Gene stated his belief that “too few defenders these days build forensics capture into their systems to help identify intruders. They also don’t have active defenses, countermeasures and chaff in place to slow down attackers and provide more warning of problems.”
Deception on the Network
Many of the deception techniques discussed by Gene were implemented later through the use of honeypots. Around 1999, the Honeynet Project came into existence, infusing innovative thinking into such ideas and approaches to discovering attacks and learning about attackers’ capabilities. The most comprehensive commercial product in this space at the time was probably ManTrap by Recourse Technologies. Symantec acquired the company in 2002 and discontinued the product a few years later.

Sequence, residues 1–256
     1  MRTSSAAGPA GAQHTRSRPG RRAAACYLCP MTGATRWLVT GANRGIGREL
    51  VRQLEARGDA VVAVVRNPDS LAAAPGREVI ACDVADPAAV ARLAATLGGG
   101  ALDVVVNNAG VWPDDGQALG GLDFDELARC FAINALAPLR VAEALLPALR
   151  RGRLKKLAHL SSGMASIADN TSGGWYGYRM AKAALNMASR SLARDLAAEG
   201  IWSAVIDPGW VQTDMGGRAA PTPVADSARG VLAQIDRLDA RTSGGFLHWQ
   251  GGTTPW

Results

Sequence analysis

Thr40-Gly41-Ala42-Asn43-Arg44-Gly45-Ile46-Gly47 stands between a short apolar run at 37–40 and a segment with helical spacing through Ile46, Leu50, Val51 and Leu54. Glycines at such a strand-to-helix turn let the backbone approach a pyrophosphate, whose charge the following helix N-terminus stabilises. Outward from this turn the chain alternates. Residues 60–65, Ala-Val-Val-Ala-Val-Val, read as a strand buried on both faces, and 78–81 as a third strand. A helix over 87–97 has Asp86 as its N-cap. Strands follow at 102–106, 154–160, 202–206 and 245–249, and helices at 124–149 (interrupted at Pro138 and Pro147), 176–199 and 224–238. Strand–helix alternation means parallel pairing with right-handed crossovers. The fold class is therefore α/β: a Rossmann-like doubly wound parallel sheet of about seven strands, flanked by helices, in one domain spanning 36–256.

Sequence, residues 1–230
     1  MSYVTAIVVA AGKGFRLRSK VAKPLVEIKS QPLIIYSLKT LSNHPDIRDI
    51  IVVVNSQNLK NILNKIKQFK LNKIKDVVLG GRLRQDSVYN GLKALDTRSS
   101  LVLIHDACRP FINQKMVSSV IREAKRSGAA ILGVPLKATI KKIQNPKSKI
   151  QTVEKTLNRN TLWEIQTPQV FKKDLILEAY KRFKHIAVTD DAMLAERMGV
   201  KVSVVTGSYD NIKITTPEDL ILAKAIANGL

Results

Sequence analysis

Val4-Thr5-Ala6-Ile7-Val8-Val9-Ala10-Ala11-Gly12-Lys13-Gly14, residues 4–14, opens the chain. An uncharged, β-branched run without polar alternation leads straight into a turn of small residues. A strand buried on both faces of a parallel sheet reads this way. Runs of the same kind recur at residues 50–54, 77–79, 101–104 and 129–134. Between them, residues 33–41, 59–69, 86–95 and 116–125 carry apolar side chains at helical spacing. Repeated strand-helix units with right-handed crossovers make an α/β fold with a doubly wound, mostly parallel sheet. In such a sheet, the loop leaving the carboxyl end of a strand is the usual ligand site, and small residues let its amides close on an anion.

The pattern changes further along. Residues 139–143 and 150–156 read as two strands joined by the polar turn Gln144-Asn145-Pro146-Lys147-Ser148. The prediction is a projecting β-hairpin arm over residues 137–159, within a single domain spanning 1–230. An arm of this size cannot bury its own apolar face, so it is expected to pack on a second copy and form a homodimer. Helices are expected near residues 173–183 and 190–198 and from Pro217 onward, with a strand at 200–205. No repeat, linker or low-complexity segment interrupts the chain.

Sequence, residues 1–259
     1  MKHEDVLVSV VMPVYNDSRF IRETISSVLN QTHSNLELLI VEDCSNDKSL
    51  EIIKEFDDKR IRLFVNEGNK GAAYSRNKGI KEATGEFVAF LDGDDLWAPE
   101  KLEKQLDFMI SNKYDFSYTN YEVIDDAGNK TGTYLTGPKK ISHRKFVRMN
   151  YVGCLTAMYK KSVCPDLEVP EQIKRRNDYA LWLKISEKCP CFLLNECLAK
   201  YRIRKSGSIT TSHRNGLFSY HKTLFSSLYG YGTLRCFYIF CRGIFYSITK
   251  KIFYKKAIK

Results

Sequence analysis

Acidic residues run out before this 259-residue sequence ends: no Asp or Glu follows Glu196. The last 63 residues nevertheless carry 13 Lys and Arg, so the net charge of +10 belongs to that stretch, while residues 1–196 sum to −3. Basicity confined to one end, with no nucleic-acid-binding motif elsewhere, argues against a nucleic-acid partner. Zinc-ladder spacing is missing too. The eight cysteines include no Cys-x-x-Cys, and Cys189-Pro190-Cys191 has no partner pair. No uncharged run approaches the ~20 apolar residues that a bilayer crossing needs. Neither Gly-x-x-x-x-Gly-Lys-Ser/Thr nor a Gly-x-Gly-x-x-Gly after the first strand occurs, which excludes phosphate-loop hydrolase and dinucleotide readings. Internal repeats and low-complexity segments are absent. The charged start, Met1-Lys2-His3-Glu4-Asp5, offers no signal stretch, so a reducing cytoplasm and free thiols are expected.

The idea of honeypots faded into the background for a while. People were reluctant to deploy them on production networks due to support costs, risks and low perceived value. Yet, people continued to make free specialized honeypot tools, as is evidenced by the likes of Dionaea for detecting and capturing malware, Kippo for SSH, Glastopf for web servers, InetSim for various network services and so on. (The Modern Honey Network provides a convenient way of experimenting with some honeypots.)
John Strand and Paul Asadoorian began exploring the use of deception in the context of offensive countermeasures and publicly shared their ideas. For instance, they showed how a small script can be used to automatically shun the attacking IP address that tried to connect to a decoy port on Windows and on Linux.
More recently, a new generation of commercial network deception technologies was created by companies such as Thinkst, Cymmetria, TrapX and Acalvio. Such products are often positioned as a way of detecting adversaries’ lateral movement through the organization. Gartner began to pay attention to this space, though their discussion of deception has been focused primarily on network-based application of deception principles.